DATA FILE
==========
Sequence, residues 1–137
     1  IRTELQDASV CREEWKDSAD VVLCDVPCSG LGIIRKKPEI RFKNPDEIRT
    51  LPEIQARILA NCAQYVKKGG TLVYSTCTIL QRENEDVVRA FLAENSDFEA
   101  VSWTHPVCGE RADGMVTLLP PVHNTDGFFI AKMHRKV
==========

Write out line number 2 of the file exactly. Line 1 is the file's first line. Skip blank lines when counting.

     1  IRTELQDASV CREEWKDSAD VVLCDVPCSG LGIIRKKPEI RFKNPDEIRT